Chromosomal rearrangements are a common occurrence after large-scale duplication events, while hindering the correct detection of such events. Regions within a genome containing the same gene content and order indicate a shared origin between these segments. Grouping these segments together into multiplicons allows the PLAZA platform to infer whether homologous genes are the result of a large-scale duplication events (block duplicates). Duplication events are often studied to understand the origins of neo- and subfunctionalization of genes.

Tandem duplication events refer to local duplication events creating neighboring homologous genes. i-ADHoRe is also used to identify tandemly duplicated genes and uses the concept of a tandem representative to represent a tandem cluster (e.g. A1 is the representative of tandem cluster A1, A2 and A3). Consequently, when 'Viewing all colinear gene pairs' on a Gene page, all colinear gene pairs between B1 and A1 will be extended to also include B1-A2 and B1-A3.

Speciation event information

After a speciation event chromosomal rearrangements, specific for each new species, start accumulating. Genomic segments in different species which contain conserved gene content and order can as such be studied to infer how the genome structure evolved in various species (eg. chromosome fusions/fission can be detected, inversion, translocations, etc.).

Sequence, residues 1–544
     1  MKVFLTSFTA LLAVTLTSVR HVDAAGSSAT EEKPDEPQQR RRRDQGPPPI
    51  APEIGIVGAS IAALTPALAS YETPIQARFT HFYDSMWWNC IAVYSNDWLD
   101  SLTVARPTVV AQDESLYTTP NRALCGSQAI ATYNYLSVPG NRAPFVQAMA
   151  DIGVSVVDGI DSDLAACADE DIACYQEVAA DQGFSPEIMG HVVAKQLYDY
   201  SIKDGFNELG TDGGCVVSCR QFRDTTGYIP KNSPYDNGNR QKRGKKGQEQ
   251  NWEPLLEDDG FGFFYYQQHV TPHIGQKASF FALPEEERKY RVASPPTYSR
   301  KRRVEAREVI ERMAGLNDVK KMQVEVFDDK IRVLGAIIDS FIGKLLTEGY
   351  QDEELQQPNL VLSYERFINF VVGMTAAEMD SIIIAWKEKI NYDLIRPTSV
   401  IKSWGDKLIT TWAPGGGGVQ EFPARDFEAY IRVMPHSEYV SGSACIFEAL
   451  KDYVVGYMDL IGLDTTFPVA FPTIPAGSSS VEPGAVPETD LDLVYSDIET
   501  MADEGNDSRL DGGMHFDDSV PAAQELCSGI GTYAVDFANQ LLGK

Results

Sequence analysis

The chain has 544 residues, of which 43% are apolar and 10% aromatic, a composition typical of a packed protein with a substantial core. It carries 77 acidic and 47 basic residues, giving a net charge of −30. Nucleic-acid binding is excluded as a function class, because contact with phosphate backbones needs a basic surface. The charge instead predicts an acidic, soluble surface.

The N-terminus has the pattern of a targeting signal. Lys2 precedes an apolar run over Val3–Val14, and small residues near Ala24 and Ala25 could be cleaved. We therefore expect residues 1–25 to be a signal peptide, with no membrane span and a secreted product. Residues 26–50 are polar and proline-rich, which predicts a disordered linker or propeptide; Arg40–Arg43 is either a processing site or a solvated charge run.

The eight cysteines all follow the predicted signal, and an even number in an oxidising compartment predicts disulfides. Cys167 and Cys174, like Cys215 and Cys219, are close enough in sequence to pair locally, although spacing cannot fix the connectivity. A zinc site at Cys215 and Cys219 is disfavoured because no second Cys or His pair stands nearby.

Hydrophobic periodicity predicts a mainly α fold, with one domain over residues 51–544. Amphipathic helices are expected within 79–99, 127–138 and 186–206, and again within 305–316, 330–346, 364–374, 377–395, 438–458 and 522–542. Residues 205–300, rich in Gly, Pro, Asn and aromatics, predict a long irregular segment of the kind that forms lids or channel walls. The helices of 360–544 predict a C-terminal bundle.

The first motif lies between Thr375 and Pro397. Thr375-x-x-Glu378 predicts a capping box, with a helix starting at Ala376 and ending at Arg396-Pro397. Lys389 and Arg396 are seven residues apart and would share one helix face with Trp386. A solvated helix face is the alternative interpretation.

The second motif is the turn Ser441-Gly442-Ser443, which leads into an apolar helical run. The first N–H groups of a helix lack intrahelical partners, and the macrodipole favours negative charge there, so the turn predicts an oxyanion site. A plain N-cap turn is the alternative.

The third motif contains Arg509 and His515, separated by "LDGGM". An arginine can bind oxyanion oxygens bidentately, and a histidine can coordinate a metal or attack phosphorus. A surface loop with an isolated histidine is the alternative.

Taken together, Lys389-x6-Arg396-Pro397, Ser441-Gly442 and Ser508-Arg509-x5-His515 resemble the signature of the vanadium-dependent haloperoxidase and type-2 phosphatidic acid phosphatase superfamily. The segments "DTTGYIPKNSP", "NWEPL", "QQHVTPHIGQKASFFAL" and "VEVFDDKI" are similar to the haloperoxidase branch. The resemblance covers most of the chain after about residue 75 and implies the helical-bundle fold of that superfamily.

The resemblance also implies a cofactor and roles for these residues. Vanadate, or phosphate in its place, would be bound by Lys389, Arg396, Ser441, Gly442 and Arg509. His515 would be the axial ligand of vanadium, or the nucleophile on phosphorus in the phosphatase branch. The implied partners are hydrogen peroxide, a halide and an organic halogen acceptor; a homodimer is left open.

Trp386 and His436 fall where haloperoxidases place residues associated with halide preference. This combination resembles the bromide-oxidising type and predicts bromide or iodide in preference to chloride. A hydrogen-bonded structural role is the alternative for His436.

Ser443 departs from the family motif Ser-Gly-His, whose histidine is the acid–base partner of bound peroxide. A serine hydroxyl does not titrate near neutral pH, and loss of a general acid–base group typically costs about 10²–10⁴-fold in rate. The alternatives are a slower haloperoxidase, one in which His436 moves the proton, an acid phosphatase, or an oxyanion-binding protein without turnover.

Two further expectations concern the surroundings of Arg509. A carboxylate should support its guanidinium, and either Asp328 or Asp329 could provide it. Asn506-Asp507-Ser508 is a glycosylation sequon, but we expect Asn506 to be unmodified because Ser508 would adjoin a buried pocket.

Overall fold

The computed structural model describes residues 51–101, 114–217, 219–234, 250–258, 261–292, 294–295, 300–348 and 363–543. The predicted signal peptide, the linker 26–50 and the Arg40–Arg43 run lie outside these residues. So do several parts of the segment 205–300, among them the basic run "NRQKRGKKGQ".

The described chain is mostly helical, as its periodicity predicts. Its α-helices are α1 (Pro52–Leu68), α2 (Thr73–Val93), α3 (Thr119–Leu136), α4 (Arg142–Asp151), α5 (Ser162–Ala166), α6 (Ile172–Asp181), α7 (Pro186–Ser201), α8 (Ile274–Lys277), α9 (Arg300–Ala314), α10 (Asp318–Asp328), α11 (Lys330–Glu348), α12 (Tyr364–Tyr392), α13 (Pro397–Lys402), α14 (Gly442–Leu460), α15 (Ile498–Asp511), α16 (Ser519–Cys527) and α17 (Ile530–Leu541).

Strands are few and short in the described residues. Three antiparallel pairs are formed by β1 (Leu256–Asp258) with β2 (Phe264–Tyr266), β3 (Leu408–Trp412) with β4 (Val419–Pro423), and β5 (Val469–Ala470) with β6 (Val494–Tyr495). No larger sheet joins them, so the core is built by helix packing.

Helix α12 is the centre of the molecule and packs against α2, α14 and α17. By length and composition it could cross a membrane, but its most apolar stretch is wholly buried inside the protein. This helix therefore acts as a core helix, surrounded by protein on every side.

Segments and multiplicons

Note that apart from pairwise comparisons between chromosomes (denoted level 2 multiplicon) the profile search generates multiplicons that contain multiple homologous genomic segments (from one or more species).

Orthologous genes

Content view Integrative Orthology Viewer

Through the integration of a complementary set of data types and methodologies orthologous gene relationships are inferred. The rationale of combining multiple approaches is to generate a consensus view of gene orthology between different species. Selecting the 'Details' diamond starts a view displaying the results of the different information sources. Approaches in the Integrative Orthology Viewer include:

  • Orthologous gene families (ORTHO) (i.e. sub-families)
  • Tree-based orthologs (TROG) inferred using tree reconciliation of the phylogenetic tree of a gene family
  • Best-Hits-and-Inparalogs (BHIF) inferred from Blast hits against the PLAZA protein database. Selects per target species the best Blast hit including inparalogs (i.e. genes from the same species having higher bit scores that the best hit from any other species).
  • Anchor points refer to gene-based colinearity between species. Provides info about putative positional orthologs.

Clicking on an individual diamond reports the detailed information per gene pair and links to the different data source that were used (i.e. sub-family, gene family phylogenetic tree, PLAZA Blast hits and Multiplicon info).